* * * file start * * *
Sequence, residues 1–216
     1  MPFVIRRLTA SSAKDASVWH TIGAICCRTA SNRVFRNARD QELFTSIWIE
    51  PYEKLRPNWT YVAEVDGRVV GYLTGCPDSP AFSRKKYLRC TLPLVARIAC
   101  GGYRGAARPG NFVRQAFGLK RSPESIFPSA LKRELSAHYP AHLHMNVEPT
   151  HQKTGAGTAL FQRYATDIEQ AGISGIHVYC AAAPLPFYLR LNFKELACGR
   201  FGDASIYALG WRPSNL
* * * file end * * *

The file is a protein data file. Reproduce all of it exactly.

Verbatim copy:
Sequence, residues 1–216
     1  MPFVIRRLTA SSAKDASVWH TIGAICCRTA SNRVFRNARD QELFTSIWIE
    51  PYEKLRPNWT YVAEVDGRVV GYLTGCPDSP AFSRKKYLRC TLPLVARIAC
   101  GGYRGAARPG NFVRQAFGLK RSPESIFPSA LKRELSAHYP AHLHMNVEPT
   151  HQKTGAGTAL FQRYATDIEQ AGISGIHVYC AAAPLPFYLR LNFKELACGR
   201  FGDASIYALG WRPSNL